The Jamaica Exporters' Association (JEA) says it will be shifting focus to what it sees as more lucrative markets in the Europe Union (EU) for authentic Jamaican products and services, through a new programme called Target Europe II.
JEA Vice-President Dr André Gordon, in a presentation to the media, said the specific objective of the initiative, is to grow the country's exports to the EU by 50 per cent in 2014 and 100 per cent by 2017.
"The JEA believes that Jamaica must earn its way to prosperity," he said.
"We, therefore, must develop and implement effective programmes to grow goods-and-service exports to markets that pay us well for these. We are going to focus on authentic Jamaican products and services to take to markets that pays us the best price for them."
The budget for the project is yet to be finalised as the roles of key stakeholders, including JAMPRO, is yet to be defined, but Dr Gordon is projecting an initial injection of €7-9 million.
"General exports have declined over the last several years; however, exports to Europe in particular, have been in precipitous decline in 2008, with a slight recovery in 2010," he said."
Volume exports to the EU, predominantly the United Kingdom, doubled in 2009, from 3.29 million kilograms to 6.326 million kg.
"What is frightening is that the value of these exports have declined by more than US$3 million, so that, in essence, we have seen a 2.5 times turnaround in the volume-to-value relationship, sending much more to get less money which is a direction [in which] we don't want to go," Gordon said.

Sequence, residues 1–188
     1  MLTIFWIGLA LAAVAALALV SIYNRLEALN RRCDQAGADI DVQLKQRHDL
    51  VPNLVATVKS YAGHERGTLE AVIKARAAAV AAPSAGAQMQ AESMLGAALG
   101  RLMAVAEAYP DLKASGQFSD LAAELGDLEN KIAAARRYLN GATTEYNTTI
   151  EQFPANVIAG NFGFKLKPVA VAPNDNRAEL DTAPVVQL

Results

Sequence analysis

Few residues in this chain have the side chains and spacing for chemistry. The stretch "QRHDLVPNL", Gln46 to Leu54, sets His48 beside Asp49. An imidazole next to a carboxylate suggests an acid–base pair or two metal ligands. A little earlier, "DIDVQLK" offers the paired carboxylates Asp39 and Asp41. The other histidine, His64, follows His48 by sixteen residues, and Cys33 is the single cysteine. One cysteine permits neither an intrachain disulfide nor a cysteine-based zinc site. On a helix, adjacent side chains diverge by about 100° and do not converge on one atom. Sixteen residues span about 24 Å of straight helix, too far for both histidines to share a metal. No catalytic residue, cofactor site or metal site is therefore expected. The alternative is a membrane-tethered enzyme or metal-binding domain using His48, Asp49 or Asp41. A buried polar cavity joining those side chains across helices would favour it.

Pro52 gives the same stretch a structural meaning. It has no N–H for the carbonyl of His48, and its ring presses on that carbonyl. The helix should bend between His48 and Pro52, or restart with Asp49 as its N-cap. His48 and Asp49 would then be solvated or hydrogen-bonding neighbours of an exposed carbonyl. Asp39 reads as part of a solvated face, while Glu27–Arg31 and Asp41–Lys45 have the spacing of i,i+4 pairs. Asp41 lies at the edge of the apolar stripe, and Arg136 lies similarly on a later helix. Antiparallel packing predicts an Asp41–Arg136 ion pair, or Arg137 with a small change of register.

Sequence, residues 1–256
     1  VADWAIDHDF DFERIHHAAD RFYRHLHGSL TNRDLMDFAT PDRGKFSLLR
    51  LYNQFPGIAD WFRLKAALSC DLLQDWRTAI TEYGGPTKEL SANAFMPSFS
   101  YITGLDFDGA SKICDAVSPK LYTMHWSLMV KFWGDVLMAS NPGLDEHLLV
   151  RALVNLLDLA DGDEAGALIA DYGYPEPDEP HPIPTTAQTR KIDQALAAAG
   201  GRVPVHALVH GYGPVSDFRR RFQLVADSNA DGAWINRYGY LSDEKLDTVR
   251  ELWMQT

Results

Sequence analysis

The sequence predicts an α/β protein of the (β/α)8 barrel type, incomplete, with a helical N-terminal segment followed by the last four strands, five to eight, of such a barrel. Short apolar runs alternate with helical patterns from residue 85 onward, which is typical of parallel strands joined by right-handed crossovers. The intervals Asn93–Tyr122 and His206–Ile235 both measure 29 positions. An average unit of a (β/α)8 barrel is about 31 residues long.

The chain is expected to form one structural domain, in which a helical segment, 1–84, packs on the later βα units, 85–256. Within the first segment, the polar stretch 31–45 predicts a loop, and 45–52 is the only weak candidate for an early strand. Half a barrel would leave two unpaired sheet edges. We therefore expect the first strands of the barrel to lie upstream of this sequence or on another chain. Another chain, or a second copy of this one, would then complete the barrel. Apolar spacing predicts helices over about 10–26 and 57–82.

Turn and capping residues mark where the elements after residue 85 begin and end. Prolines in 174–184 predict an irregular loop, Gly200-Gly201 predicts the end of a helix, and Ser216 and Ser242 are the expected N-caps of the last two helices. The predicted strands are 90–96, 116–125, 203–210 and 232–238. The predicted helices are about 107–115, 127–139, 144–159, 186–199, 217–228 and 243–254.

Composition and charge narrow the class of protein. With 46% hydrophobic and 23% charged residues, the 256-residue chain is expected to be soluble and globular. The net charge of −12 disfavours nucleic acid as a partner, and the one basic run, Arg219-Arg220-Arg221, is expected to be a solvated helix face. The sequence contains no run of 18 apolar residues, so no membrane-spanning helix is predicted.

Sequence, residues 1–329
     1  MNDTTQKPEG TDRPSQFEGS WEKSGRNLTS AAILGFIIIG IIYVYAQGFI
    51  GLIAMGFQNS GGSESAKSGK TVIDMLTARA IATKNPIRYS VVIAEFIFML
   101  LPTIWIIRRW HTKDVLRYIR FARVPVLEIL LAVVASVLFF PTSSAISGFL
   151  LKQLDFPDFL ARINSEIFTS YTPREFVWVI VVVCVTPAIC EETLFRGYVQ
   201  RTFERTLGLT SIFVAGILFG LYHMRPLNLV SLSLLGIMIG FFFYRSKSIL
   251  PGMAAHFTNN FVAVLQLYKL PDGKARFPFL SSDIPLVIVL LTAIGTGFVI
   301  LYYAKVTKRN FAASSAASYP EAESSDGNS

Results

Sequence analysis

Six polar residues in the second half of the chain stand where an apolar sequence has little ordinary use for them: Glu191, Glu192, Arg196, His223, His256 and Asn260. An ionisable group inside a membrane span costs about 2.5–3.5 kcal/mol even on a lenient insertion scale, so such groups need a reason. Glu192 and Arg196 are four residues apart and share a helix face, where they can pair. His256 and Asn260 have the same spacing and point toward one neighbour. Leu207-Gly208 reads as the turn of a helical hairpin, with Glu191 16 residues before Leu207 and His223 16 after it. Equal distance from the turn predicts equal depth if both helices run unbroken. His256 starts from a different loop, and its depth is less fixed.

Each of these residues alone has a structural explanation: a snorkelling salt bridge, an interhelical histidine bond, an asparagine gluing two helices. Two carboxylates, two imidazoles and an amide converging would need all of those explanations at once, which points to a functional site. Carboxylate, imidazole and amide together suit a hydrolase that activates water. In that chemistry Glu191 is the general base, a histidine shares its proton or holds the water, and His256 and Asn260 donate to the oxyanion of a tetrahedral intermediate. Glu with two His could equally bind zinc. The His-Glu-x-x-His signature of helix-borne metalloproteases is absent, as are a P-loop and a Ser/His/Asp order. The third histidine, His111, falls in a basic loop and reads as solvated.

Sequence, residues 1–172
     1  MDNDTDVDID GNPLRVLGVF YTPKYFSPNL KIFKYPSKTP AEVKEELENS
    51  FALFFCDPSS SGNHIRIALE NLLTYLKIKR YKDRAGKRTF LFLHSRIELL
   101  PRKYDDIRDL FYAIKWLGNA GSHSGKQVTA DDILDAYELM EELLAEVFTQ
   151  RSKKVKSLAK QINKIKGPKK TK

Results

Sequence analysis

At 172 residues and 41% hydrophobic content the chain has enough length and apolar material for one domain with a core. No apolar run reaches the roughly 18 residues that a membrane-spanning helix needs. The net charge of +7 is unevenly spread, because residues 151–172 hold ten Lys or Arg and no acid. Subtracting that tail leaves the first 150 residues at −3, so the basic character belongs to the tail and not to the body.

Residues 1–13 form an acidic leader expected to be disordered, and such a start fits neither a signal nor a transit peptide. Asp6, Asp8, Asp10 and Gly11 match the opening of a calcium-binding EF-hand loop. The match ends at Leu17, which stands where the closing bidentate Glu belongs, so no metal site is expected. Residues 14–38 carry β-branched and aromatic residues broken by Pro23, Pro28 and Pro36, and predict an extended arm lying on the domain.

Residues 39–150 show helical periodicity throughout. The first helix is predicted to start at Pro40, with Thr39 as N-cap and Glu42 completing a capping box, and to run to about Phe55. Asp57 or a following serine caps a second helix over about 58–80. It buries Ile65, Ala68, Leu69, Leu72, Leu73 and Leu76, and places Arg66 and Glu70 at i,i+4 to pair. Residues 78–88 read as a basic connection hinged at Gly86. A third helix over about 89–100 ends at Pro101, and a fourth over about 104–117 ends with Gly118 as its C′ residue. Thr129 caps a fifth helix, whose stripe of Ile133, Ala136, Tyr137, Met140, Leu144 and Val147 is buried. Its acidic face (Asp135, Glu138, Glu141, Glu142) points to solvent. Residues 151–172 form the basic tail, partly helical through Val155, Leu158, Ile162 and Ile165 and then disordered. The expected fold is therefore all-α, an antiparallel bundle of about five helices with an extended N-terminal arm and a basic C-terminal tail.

The programme will identify and develop specific products and services to meet key selected EU market requirement, and will leverage the opportunities provided by the London Olympics through a partnership with Jamaica Village 2012, the country's promotional vehicle at the athletics event.
"Jamaica does not produce enough volume of anything, no matter what we think; and so, we need to put whatever volumes we have into markets that give us the best price, while we try, over time, to build volume," he said.
Jamaica's export of beverages and spirits to Europe accounts for 10.3 per cent of volume, while foods, fruits and vegetables amount to 21.1 per cent.
Research by the association reveals potential for the export of jerk and other sauces, coffee, and other products.
Exporters have been forced to sell greater volumes at discounted prices to stay alive, but the JEA will upgrade the capacity of qualifying firms and their value chain to supply products and services to chosen markets.
"Unlike many markets we now serve, the EU is willing to pay ridiculously high prices, but is very demanding," said Gordon.
The JEA is also exploring other possibilities, including a supply deal with the Royal Caribbean Cruise Lines.